This Week's 5 Dumbest Stock Moves

Stupidity is contagious. It gets us all from time to time. Even respectable companies can catch it. As I do every week, let's take a look at five dumb financial events this week that may make your head spin.

1. Two Rens don't make a right
The already rocky relationship between China's Renren (NYSE: RENN  ) and investors became even more strained after the social networking site delivered a ho-hum quarterly report.

Losses continued, and revenue climbed 47% to $20.6 million. This might be acceptable for an unknown upstart, but not for a company valued in the billions.

Renren went public at $14 last month, rising as high as $24 on its first day of trading. The stock has gone on to give up half of its IPO price, or more than two-thirds of last month's high.

Revenue grew 64% last year, so the seemingly heady 47% top-line spurt this time around is actually a serious case of deceleration.

2. Nokia's orphan
Nokia
(NYSE: NOK  ) unveiled its N9 handset during this week's Nokia Connection strategy day in Singapore.

There will often be debate on the potential success or failure of new smartphones, but you won't find too many N9 cheerleaders. The N9, after all, will be the first -- and likely only -- phone using the once-ballyhooed MeeGo operating system.

Nokia is accepting billions to champion Microsoft's (Nasdaq: MSFT  ) Windows Phone 7, and MeeGo is an unfortunate casualty.

The folks investing in an N9 phone may very well be the same ones who paid up for Microsoft's short-lived Kin.

3. Earnings are for closers
FSI International
(Nasdaq: FSII  ) added insult to injury by putting out disappointing guidance for the current quarter after coming up short on the top line in its fiscal third quarter.

The maker of capital equipment for the microelectronics industry sees itself earning $0.06 to $0.09 a share for the current quarter on $25 million to $30 million in revenue. The problem there is that the pros were targeting a profit of $0.12 a share on more than $32 million in revenue.

A miss and a diss is no way to end up with a kiss.

4. Achillion heel
Sometimes Mr. Market is the dummy.

Upstart biotech Achillion Pharmaceuticals (Nasdaq: ACHN  ) was one of Wednesday's biggest winners, soaring 21% to $7.26 after completing a secondary offering at $5.90 a share.

I get the sigh of relief. Achillion needed the money to move its potential blockbuster treatments for chronic hepatitis C along. The company was also able to float more shares than it had originally announced, going from 9 million on Monday to 9.6 million on Wednesday.

However, the cold hard truth is that this dilution took place at $5.90, a discount to where the shares were trading even before Wednesday's pop.

We're a few regulator nods away from the point where we would be quibbling between $5.90 and $7.26 price points, but it just feels as if Wednesday's euphoric reaction was way overdone.

5. A tree house falls in the woods
TreeHouse Foods
(NYSE: THS  ) is serving up indigestion after hosing down its near-term prospects.

The maker of private-label food products is blaming the spike in commodity costs for crimping margins during the current quarter and for the entire year. It's naturally harder for a private label specialist to adjust prices than it is for premium brands, but we can't cut TreeHouse Foods a break here.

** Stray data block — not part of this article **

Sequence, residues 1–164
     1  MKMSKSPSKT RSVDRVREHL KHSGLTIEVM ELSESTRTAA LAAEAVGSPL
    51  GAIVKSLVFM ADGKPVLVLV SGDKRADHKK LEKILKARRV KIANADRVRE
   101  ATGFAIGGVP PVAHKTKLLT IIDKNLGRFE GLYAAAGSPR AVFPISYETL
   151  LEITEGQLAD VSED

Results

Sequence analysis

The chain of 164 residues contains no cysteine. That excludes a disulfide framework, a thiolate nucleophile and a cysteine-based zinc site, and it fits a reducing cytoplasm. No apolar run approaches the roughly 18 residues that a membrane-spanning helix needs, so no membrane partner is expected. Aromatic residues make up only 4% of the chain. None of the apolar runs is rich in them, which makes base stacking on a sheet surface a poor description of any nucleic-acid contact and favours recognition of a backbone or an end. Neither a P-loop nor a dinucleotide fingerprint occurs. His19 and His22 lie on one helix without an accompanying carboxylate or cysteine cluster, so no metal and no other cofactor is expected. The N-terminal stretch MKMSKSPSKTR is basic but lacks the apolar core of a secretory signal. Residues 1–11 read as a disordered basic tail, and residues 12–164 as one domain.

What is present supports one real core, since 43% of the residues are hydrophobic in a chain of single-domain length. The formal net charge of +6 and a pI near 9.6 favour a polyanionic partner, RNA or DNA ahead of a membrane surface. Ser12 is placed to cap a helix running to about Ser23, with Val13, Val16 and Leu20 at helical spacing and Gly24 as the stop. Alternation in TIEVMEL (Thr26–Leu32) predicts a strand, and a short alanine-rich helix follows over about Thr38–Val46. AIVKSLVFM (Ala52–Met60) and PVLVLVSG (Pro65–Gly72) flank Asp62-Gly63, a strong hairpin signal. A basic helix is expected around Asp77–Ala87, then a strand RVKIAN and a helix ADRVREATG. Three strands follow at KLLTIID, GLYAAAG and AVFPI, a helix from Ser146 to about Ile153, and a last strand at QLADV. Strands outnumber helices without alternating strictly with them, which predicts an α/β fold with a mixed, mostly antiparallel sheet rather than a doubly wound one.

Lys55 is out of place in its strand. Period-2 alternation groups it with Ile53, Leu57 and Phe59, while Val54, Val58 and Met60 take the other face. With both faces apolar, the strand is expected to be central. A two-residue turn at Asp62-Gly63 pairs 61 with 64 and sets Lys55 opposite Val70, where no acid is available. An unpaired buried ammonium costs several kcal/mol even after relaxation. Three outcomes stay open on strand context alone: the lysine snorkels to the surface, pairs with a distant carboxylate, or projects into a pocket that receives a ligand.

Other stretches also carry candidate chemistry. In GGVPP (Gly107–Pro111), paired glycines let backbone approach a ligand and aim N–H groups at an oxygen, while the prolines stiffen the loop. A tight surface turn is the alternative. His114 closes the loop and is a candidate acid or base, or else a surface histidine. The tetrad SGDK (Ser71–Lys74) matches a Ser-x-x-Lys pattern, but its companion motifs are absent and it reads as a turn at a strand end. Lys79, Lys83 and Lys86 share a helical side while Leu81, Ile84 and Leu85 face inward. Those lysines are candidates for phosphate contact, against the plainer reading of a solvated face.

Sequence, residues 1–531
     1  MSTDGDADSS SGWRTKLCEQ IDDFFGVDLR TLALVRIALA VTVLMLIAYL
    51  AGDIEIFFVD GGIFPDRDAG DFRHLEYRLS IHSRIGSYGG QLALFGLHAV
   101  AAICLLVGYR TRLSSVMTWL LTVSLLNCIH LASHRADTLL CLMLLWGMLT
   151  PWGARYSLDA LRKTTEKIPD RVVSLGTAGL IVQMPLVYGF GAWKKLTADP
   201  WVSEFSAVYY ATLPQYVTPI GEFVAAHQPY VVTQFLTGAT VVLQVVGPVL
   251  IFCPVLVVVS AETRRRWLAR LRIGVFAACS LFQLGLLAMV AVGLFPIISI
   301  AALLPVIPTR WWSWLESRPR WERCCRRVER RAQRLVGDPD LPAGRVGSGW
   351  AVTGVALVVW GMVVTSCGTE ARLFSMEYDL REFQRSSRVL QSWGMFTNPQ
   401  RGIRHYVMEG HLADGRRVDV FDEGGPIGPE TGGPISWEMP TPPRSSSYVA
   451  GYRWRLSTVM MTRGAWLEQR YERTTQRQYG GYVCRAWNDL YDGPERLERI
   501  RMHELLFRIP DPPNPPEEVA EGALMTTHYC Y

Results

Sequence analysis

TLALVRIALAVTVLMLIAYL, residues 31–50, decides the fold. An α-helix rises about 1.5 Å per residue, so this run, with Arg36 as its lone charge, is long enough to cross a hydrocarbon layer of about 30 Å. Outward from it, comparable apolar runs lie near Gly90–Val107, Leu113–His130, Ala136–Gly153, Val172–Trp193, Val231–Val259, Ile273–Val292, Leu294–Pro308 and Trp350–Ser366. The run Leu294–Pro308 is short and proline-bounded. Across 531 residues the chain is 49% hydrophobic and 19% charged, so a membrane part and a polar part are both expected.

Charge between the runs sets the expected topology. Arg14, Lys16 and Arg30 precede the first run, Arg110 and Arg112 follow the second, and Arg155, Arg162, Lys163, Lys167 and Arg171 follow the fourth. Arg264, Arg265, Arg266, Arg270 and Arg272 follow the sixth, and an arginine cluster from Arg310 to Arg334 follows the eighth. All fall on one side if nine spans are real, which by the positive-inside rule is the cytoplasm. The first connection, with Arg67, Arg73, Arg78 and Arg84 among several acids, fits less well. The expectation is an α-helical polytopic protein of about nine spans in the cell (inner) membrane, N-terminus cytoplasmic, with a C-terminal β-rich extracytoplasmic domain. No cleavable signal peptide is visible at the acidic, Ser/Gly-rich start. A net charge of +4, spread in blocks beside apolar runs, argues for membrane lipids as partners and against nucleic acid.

A miss is a miss.

Perhaps more importantly, this is the kind of news that may lead shareholders to wonder if consumers are bypassing store brands in favor of the name brands that they traded down from when the economy was falling apart.

Which of these five moves do you think is the dumbest? Share your thoughts in the comment box below.

The Motley Fool owns shares of Microsoft. Motley Fool newsletter services have recommended buying shares of and creating a diagonal call position on Microsoft. Try any of our Foolish newsletter services free for 30 days. We Fools may not all hold the same opinions, but we all believe that considering a diverse range of insights makes us better investors. The Motley Fool has a disclosure policy.

Longtime Fool contributor Rick Munarriz is a fan of dumb and smart business moves. Investors can learn plenty from both. He does not own shares in any of the stocks in this story. Rick is also part of the Rule Breakers newsletter research team, seeking out tomorrow's ultimate growth stocks a day early. The Fool has a disclosure policy.


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  • Report this Comment On June 24, 2011, at 11:06 AM, decbutt wrote:

    You missed out on the Global Gains team's assessment of Chinese companies keeping multiple sets of books, tax-avoidance and non-compliance:

    "they'd be crazy not to"

    If it wasn't for the fact that TMF holds so much sway over retirement money, and has a reputation for being a kind of honest-broker in the financial services arena, I would probably have found this horrifying fumble amusing.

    But I don't.

    I am tempted to even say that persisting in buying Chinese companies isn't dumb, since calling it "dumb" might down-play the significance of the whole thing.

    At some point in the future there is a crunch. In any economy. Those crunches are bad enough when 99% of corporations are playing by the rules.

    What the hell do you think is going to happen confidence when 99% of the corporations are NOT playing by the rules?

    Everyone knows that Chinese companies are lying to their tax collectors, and to their governments. I suppose the 'dumb' bit would be expecting them to then go on to tell the SEC and shareholders the truth.

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